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Kisko Disco – Darzi’s New EP Promises A New Era of The Artist’s Music

A room on the roof with faded blue, red, green lights being reflected off your skin — the sensation of a dulled sense of what the word ultraviolet would feel like. Sitting on a Delhi pavement, watching intoxicated friends, feeling time pass fragment by fragment — like every little moment is leaving its knuckle-esque imprints on to your flesh as the streetlights become a part of your brain chemistry. Anger, mixed with grief, in sullen and simmering tones — sometimes personal, sometimes on larger questions of gender and  violence. Tongue-in-cheek humor, paired up with innuendos you would exchange while seated on moth-eaten cushioned chairs at a residential colony function. There is a stunning visuality to the emotions that are drawn out by Darzi’s music. Yash Saxena, one of the now-burgeoning names in the Delhi indie music scene, calls his electronic music project (via Spotify) Darzi through which he “wants his expression to achieve purity, a mirroring of his [my] own quest as a human being trying to perfect himself.”

Darzi – via Instagram

The artist has not been idle since his stunning 2022 album, Awaaz, that draws upon the lives of women, often lyrically relying on an assumed feminine perspective. He has just finished touring with musician B-Leaf, his frequent collaborator — where they have played 12 shows across 7 cities in the span of 3 months. He has also worked with other popular Delhi contemporaries Baijoo Bawra, shauharty, Haanikarak and Arpit Bala – the fruit of one these collaborations spawning the now near cult-classic status having track – Bhabhi Hunter. Darzi’s newest release, Kisko Disco is an EP composed of 4 songs : Sutli Baaje, Ilzaam, Bechainiyan and Kaante.

Kisko Disco – EP

 The production intersperses elements of Indian disco music with classic dream pop musicality. The EP  is a synthesis of a varied set of influences — considering it is reminiscent of Bappi Lahiri’s work in the 80s, late stage Daft Punk, and bands like Pale Saints and Beach House. Every once in a while, we come across attempts from producers / artists who try to utilize “retro-sounding” soundscapes, sampling familiar loops, and then manage to work themselves into a corner where their own personality gets lost amidst the driving penchant for nostalgia. What is interesting about Darzi is the sensual and the suspenseful strike a wonderful balance in his songs — as he manages to retain his trademark lyricism, which do seem to be in the process of metamorphosing into something more defined into the future. The artist usually is a story-teller, with a distinct narrative going into his songs — for this EP, the lyrics seem more relaxed in their poetics, almost off of a mental diary of grief and desire.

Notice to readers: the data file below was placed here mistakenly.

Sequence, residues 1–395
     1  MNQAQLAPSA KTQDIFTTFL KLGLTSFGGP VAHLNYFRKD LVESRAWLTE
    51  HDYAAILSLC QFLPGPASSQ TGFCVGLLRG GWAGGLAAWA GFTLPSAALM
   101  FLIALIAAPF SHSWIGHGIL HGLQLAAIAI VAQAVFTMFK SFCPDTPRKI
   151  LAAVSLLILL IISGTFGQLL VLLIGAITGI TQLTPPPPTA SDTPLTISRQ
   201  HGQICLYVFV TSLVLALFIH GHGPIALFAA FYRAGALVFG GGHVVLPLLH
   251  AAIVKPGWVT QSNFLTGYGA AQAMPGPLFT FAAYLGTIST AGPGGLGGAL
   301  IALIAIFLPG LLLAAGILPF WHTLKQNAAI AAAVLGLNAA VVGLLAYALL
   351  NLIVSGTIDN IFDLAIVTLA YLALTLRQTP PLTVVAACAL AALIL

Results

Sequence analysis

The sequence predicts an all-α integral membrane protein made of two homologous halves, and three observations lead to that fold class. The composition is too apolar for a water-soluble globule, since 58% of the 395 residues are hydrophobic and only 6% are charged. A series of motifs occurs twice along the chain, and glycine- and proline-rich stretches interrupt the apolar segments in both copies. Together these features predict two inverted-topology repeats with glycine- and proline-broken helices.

Darzi – via Instagram

Switching between moods, rhythm and pacing — while maintaining similar synthwork and drums, the listener can feel the artist let go of some of the pristine control you can feel in previous projects in terms of experimentation — especially in Sutli Baaje, which is perhaps the most upbeat on the whole EP, although it does have the tinges of melancholia / satirical acceptance typical of his usual work. The outro to Kaante is excellent in terms of it reflecting how much Darzi enjoys playing with vocal cadences, distortions, and loops. 

However, the standout is perhaps Ilzaam. Accompanied with a music video that is exactly a visual representation of the kind of psychedelia one sonically would associate with the song, it is the one song that cuts a little deeper than the other numbers. The effect of intoxication that the song aims to create is complemented with the kind of attempt at tired coping/acceptance of things falling apart in the lyrics. 

Ilzaam – Music Video

The EP has songs that could fit a Jaanbaaz reboot, or in a Clinton Cerejo-esque soundscape for mystery in the heart of a nighttime metropolis, like Te3n, or Kahaani. It also has the quality of a trailer for bigger things in the future — as the songwriter/producer relinquishes his control ever so gently, and excites listeners for what is to come in terms of widening boundaries and genuine experimentation.

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